What does daring to hope a full Christian hope do? It changes the way we live now, here today. By the promise of God’s spirit in our baptisms, we begin to live now as we will in God’s future, because in the life, death, and Resurrection of Jesus we have the inbreaking of God’s Kingdom, God’s future come into the present. And so we begin to live by God’s passion for justice and for family-type equality. This is a good place to bring in a quote from the faith section of yesterday’s Kalamazoo Gazette. The religion editor, Margaret DeRitter, quotes a pastor in Grand Rapids who says this: “The greatest evidence of the resurrection is when a Christ-follower prioritizes her (or his) life by putting worship, and self-sacrificing love over security, power and appetite. … Look again at Dietrich Bonhoeffer’s ministry. Look again at Martin Luther King’s fight for justice. Apart from the Scriptures, these people and their lives are the greatest evidence of the resurrection we will ever find. And that same opportunity to live the resurrection is ours every day.” These are followers of Christ who have already begun to live with God’s coming justice in the present. In the face of this world’s injustice they lived with a sense of grace and love and justice that seemed ahead of their time — because it was! It was God’s future kingdom breaking into this world in their lives so that they began to live now as they would live then. It was a dare to hope that God’s new creation began on Easter is continuing to renew this creation, beginning with the lives of Christ’s followers.

So let’s finish where we began. Do you realize that in the developed Northern Hemishere of science and wealth that part of Isaiah’s prophesied future has nearly come true already? Infant mortality rates have shrunk to nearly zero, so it has become quite rare in our world that “an infant lives but a few days.” And when a child is born into calamity, we have Neo-natal Intensive Care Units that have high rates of success. That part of God’s future has already come into the present in a big way.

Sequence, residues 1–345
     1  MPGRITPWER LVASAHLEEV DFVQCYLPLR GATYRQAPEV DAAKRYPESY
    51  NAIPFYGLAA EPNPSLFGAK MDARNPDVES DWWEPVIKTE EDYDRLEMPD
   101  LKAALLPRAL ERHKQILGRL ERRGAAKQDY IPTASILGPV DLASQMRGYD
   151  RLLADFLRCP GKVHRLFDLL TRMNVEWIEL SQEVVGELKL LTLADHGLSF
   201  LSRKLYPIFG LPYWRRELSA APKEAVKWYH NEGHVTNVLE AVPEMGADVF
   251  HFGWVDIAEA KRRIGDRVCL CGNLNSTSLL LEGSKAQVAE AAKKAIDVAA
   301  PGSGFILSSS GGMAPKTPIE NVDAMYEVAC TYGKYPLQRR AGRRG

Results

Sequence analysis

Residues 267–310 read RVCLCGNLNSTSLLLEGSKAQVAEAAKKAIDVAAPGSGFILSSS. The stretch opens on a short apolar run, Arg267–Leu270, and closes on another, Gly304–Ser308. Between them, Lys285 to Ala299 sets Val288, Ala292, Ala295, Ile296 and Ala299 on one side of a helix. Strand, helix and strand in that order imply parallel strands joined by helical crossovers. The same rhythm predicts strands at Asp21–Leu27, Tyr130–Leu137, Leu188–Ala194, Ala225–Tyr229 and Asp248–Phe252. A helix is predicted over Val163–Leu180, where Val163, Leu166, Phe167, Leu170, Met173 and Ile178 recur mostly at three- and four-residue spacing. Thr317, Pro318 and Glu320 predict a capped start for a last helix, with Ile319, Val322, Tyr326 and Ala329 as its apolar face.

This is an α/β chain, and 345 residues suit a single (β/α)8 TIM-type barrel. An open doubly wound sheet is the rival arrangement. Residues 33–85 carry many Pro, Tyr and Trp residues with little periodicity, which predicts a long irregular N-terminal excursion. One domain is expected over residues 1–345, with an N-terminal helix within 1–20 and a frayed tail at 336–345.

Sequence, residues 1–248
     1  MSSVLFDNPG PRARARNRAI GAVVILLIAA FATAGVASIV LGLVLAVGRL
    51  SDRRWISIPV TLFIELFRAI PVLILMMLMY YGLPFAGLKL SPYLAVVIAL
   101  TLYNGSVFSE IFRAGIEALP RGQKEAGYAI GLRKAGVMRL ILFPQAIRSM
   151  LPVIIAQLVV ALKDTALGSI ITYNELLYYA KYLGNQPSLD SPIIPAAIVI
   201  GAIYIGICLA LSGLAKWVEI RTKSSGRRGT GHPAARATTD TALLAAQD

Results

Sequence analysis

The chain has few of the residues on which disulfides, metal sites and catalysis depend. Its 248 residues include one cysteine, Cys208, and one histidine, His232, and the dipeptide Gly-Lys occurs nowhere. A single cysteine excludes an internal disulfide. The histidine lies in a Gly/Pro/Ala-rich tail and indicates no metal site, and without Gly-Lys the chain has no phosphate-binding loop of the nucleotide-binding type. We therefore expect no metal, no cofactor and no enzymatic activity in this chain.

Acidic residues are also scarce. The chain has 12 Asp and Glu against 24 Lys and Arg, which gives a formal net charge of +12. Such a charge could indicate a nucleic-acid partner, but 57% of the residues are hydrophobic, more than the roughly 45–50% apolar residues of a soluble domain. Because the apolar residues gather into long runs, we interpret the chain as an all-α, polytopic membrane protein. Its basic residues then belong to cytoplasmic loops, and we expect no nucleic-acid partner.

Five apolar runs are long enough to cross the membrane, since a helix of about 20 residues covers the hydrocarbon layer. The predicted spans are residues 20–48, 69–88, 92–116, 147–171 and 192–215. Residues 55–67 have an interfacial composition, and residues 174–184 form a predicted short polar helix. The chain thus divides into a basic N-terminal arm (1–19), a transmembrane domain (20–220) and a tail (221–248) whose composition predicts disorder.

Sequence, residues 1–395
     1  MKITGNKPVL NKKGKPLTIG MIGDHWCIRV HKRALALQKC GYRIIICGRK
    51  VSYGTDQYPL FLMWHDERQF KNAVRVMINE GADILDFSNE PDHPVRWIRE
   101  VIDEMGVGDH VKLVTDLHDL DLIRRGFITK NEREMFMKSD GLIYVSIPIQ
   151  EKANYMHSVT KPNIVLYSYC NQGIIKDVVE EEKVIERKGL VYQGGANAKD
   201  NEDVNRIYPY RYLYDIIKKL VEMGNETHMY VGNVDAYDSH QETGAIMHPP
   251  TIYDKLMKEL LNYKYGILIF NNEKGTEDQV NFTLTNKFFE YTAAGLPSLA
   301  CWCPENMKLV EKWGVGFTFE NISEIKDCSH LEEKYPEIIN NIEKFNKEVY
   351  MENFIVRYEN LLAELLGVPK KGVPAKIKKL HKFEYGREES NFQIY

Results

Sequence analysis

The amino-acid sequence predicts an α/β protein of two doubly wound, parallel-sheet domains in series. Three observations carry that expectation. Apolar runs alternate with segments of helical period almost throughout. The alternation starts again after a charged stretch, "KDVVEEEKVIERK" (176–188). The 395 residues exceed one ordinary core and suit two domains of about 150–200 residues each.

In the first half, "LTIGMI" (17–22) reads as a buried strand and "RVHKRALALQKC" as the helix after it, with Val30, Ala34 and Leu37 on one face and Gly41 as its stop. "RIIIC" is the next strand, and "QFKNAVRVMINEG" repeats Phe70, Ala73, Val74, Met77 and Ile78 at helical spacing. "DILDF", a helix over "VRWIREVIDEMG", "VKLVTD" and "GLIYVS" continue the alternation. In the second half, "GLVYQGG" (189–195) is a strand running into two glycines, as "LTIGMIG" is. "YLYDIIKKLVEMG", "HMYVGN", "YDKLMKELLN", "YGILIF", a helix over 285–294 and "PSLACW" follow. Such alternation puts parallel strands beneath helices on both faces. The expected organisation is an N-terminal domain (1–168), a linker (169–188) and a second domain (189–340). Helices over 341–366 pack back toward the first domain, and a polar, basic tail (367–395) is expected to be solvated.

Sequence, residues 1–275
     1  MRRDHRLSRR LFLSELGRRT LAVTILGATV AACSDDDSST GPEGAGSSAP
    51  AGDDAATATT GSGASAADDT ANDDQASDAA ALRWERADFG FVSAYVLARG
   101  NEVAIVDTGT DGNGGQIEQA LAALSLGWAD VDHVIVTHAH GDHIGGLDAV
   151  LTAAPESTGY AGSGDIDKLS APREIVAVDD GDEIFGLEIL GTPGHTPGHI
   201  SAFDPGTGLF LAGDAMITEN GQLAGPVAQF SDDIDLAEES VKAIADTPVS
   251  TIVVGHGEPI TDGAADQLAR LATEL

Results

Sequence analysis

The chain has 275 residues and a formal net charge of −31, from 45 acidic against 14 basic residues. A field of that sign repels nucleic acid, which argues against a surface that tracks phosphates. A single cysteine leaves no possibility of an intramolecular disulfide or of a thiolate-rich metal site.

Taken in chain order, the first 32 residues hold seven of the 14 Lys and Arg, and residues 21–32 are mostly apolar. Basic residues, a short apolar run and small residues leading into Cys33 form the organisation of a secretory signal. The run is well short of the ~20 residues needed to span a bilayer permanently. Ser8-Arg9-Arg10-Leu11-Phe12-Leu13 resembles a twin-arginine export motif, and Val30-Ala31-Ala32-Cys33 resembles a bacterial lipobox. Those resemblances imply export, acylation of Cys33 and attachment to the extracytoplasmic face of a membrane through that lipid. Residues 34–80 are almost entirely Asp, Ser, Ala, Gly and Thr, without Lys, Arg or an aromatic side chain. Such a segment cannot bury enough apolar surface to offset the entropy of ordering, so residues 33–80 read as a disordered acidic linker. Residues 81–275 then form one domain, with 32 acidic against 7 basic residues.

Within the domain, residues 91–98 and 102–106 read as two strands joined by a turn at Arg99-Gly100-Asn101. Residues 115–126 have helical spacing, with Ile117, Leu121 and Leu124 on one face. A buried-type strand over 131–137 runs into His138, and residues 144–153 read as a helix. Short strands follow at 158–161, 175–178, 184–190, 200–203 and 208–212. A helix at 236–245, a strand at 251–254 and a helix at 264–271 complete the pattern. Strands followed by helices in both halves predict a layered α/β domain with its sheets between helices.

So why then do many Amerindian mothers of Guatemala still not dare to hope to name their children until age three? Because God’s justice, which begins as a mustard seed, has yet to take full bloom, and so there remains a terrible divide between rich and poor, North and South. There are no NICU’s yet in the communities of Amerindian mothers of Guatemala. Fifty of our Prince of Peace members travel to Guatemala this summer on a mission of God’s justice. I suppose we might say it is a mustard trip. But it is an important trip not just to the extent of what we accomplish on the ground those two weeks, but to the extent that it continues to change all of us, to the extent that we dare to hope in solidarity with all this world’s poor of a coming household of God in which none are left out. That is the full Easter hope! Dare we to hope?

Paul J. Nuechterlein
Delivered at Prince of Peace Lutheran,
Portage, MI, April 4, 2010

Print Friendly